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If the observer is not in free-fall, the metric-tensor $g_{\mu,\nu}(s)$ at the observer's position, expressed in local coordinates around the observer, will not be $\eta_{\mu,\nu}$. Your first assumption about the path $(\gamma)$ is wrong. I guess what you are aiming at is the notion of the space of coordinates around a point, which is indeed a flat space ...


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When you say If something goes outside, then it will decrease inside! what you assume is exactly a conservation law. It may seem trivial, but it is not necessarily. Consider the population of a city, for example. At one point in time, you measure how many people are within the city borders; let's call this number $N_0$. Then, you observe all city ...


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When we say something is conserved or that there is a conservation law for a given thing, we mean that the quantity of it does not change. You neither lose nor gain any of that thing. More specifically, conservation can come in two flavours. Something can be globally conserved. This means that the total amount of that something in the universe does not ...


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It has a very simple yet important meaning.It simply means that the quantity that you are observing will always stay the same,even if that means that it gets transferred to another form or convert to another medium.You can not simply create more "stuff" of that quantity and you can not destroy it.It can not be created from nothing and it can not just be ...


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Let $M$ be your spacetime, a smooth manifold equipped with (pseudo) Riemannian metric (for example $\mathbb{R}^{(1,3)}$ for special relativity). The set of reference frames is the frame bundle over $M$, usually denoted $FM$. Explicitly a frame at point $p$ in $M$ can be viewed as an ordered orthonormal basis (with respect to the the inner product defined ...


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The kinetic term of the Lagrangian is proportional to $$g_{ij}v^iv^j$$ where the $v$s are the generalised velocities. Writing them as the time derivative of the generalised coordinates, i.e. $v^i\dot q^i$, taking the square root, and multiplying by a small time lapse $\epsilon$ you get $$\sqrt{g_{ij}\dot q^i\dot q^j}\epsilon,$$ which is a first order ...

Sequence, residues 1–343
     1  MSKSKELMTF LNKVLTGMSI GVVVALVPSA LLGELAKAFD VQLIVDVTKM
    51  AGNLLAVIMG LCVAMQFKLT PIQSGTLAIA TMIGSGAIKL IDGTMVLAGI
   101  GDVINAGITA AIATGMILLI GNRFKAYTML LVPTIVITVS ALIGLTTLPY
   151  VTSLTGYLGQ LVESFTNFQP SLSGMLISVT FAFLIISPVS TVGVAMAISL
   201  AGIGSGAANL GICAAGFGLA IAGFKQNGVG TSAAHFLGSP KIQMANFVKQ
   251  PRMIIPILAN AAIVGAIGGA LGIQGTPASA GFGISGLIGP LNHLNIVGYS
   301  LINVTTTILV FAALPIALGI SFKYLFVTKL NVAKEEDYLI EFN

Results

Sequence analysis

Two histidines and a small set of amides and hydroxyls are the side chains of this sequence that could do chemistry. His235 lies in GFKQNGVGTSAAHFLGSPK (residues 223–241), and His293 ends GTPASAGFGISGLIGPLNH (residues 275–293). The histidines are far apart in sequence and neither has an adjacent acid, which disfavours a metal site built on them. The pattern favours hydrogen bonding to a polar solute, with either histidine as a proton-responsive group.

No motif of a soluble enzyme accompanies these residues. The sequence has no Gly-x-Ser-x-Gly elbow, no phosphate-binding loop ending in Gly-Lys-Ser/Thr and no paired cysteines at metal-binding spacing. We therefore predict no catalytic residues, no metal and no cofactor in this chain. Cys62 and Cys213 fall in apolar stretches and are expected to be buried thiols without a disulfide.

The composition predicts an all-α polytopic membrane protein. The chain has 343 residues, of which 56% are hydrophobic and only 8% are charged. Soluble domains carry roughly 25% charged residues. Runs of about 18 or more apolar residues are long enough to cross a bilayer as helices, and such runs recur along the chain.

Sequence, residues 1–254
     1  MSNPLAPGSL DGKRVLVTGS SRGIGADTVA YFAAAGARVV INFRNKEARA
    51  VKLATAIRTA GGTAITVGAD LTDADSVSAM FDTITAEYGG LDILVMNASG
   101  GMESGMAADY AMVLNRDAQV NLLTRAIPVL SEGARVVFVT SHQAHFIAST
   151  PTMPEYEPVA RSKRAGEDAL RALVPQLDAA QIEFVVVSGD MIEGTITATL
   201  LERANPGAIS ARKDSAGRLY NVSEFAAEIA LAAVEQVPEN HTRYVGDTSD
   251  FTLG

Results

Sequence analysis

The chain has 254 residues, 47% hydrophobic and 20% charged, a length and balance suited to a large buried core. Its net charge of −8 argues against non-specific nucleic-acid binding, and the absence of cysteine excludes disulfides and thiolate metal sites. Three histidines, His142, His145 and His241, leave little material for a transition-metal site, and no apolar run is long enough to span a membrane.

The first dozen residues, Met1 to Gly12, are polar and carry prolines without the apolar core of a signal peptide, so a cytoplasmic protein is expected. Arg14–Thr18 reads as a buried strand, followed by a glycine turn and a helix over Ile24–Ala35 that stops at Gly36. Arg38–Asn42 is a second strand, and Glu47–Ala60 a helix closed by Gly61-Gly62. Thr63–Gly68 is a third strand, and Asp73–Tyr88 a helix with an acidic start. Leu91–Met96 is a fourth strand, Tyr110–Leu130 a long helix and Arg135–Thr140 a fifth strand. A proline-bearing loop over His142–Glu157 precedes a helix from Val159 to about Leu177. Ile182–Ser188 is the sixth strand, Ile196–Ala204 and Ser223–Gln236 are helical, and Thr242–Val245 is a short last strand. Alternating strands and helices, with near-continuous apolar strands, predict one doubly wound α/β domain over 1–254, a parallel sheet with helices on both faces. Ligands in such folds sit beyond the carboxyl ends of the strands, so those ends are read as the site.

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The name T-duality stands for Target-space duality, see e.g. this preprint.


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It comes from S matrix theory, long before quarks were imagined, S,T and U characterize the type of exchange in the Feynman diagrams entering the S matrix calculation, and they are called Mandelstam variables. s channel-------------------------- t channel------------------------u channel duality meant that the sums could be done either in S ...


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Yes. Two particles at a given position, one moving and the other at rest are having the same kinematic state. But dynamic state takes in the velocity. When you need to specify both position and velocity - it becomes kinetic state. After all kinematics + dynamics = Kinetics.


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A good question, you are right the frequency remains constant (unless you have Doppler effects due to relative movement, but that's not your question). For visible light, refraction properties are quite often in question and as such it make sense to speak in terms of wavelength. As you go even higher in "frequency", physicists start talking in keV and MeV ...


1

Yes. When you do stress testing of materials (for example, the Brazilian test of a disk shaped test object) you apply stress along a single axis (using for example an Instron machine). This is a good way to measure elastic properties of materials. On the other hand if you have a pressurized container (for example the hydraulics in your car brake system), ...


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One never pluralizes unit abbreviations. Your link goes to the BIPM, the body responsible for maintaining the definitions of the international system of units, and is authoritative. The folks at NIST agree and address most of your questions. I would say The pipe is 0.75 m long. or The pipe is 75 centimeters long. or even The pipe is ...


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cms and kgs are wrong. The SI units are abbreviations which are also used in the plural. You will write 2.6 m/s or 1 m/s, but say "2.6 meters per second" or "1 meter per second" respectively. Keep in mind the SI units are also used in tons of other languages that do not form the plural by attaching an -s. The units look the same in those languages. (e.g. ...